Why everyone is standing up to the sitting-down problem

  • Published: 21 March 2016,
  • The Say Team

Why everyone is standing up to the sitting-down problem


As your colleague stands during the weekly meeting or takes her sweet time to set up her movement-friendly computer/treadmill apparatus, *cue the eye-roll and audible collective boardroom sigh* think twice before asking her to just please calm down with the health bender.

standing up bThe world may just be ready for a new kind of work environment. And if it feels like the scene in the Lion King where Simba is running around singing about how he doesn’t want to be told what to do; No one saying do this, no one saying be there… Then you’re getting the idea. Because yes, Simba, we all can’t wait to be king either but here’s the kicker- sometimes the voices of the wise are worth a listen.

The medical experts are telling us to get ourselves up-and-at-‘em, out of the chair and around the mulberry bush during the workday. Or, as Bob would say, Get up, stand up. They don’t mean we should be facilitating sprint triathlons between meetings but they do expect a little more than what is put forth by the average Joe Accountant. The idea is that those who sit on their buttocks for long spreads of time throughout the day are exponentially more likely to incur otherwise preventable health issues than are those who lead a more active lifestyle. Those that are more mobile during the day, meaning those who spend most of their office hours on their feet, or bike saddle, generally have stronger bones, improved balance and coordination, and longer lifespans. Not to mention they would have a higher likelihood of a well-toned pair of stilts to strut around on.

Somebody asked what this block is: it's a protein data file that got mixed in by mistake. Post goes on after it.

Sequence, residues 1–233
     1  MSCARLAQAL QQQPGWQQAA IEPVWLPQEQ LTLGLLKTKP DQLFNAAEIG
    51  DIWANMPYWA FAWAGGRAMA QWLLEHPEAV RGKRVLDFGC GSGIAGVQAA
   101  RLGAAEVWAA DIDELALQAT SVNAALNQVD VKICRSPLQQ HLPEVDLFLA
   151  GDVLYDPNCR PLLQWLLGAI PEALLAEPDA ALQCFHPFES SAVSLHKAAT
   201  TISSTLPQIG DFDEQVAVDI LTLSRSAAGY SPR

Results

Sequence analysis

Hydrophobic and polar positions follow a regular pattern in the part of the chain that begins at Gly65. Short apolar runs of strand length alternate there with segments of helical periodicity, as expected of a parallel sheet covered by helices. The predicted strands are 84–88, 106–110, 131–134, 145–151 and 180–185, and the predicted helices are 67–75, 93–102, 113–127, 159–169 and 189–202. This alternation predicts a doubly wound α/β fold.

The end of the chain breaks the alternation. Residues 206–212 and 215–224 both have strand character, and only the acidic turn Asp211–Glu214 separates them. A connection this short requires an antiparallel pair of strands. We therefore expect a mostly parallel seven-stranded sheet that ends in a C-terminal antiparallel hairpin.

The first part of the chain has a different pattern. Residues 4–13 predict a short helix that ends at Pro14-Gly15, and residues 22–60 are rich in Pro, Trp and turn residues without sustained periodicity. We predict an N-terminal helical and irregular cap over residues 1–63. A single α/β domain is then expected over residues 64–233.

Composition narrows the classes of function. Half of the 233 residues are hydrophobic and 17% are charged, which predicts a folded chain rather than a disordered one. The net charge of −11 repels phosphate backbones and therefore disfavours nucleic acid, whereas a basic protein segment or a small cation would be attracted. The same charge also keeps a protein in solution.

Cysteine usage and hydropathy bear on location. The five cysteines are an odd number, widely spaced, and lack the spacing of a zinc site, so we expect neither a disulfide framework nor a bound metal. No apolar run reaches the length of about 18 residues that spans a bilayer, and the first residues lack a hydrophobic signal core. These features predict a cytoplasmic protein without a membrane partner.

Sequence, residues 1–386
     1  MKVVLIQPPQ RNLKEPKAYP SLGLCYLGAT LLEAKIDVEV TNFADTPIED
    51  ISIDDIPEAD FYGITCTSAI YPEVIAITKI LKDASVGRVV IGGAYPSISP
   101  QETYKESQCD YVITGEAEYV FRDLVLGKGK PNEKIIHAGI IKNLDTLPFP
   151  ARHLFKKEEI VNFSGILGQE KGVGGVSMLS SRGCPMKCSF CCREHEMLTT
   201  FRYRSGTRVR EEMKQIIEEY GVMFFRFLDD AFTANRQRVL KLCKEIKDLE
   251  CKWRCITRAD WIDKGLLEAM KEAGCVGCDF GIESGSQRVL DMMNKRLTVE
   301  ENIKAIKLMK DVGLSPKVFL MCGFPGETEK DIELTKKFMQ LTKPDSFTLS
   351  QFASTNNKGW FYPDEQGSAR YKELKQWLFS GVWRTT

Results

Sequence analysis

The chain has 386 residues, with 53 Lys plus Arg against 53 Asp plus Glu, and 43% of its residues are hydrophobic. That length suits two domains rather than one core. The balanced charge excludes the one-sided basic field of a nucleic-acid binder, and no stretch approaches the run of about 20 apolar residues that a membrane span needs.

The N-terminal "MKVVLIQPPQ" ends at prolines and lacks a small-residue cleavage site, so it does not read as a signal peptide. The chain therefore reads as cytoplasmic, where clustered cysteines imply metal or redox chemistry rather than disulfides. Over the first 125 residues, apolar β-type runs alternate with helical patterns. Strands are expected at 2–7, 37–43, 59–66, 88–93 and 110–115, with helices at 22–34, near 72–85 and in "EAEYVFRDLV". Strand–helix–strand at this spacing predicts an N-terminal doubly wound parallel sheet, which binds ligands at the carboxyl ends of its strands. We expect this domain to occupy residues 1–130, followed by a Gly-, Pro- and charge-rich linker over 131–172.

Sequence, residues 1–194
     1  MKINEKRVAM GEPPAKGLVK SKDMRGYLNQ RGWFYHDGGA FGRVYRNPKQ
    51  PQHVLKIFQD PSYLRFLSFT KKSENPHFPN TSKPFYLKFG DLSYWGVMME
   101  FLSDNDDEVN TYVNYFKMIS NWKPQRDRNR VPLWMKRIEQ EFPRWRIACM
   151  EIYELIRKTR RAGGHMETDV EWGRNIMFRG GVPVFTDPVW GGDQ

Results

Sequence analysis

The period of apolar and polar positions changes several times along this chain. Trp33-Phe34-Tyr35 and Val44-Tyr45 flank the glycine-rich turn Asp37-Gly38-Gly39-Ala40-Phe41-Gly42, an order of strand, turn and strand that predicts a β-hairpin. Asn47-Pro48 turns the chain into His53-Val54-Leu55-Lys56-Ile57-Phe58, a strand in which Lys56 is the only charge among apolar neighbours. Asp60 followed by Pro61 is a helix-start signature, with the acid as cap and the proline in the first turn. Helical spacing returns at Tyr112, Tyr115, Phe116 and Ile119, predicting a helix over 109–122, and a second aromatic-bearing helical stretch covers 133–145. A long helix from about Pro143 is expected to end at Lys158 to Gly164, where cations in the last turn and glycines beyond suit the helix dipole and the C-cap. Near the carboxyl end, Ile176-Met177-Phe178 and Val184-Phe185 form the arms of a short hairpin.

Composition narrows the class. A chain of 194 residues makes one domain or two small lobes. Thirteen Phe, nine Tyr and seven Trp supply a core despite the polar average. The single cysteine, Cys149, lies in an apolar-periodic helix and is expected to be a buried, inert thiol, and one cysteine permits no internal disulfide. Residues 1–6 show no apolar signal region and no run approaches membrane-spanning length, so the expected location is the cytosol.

And yes, the docs are solemnly swearing it’s not a cop-out. We all went there, to the ever-so-cynical thought that inactivity could be the perfect scape-goat for unexplained conditions. But in fact, remaining sedentary has been shown to lead to many horrors. Try this on for size; cardiovascular disease, type 2 diabetes and metabolic syndrome, clotting disorders, and even cancers, can come merely from a lack of physical bustle.

standing up cycleSome folk though say, I got 99 problems and my waistline ain’t one because during lent they go to the gym and get quality jazz-ercise in before work in the mornings. Sorry Ms. Fonda, even though you probably look fantastic in your lycra, evidence suggests that those few-and-far-between spreads of vigorous exercise are actually ineffective in counteracting the problem. Exercise overall is excellent for health and wellbeing (including mental state) but it must be doled out steadily all day long instead of just pushing the limits of quantum biomechanics once a day before dinner. Think of it like eating 28 proportionate meals a week as opposed to all those 28 meals blended into one large, textured, smoothie after your pickup basketball game on Sunday afternoon.

If you need just one more nudge… regular physical activity can help to keep your thinking, learning, and judgement skills sharp as you age. That’s right; your skin isn’t the only part of you gaining proverbial wrinkles. Exercise can also reduce your risk of depression and may help you to snooze more peacefully. Research has shown that doing any intermittent level of correctly coordinated physical activity can boost you up when society (or gravity) has you down.

Seems like on my way home today I’ll be standing up on the tube and walking instead of taking the bus from the station! Imploring these ideas upon others from the comfort of my cushy desk chair, I realise I’ll certainly add on wanting to walk a further distance to lunch just to get my steps in. Happy exercising to all and to all, a good health.


– Written by Ria C. an American in London

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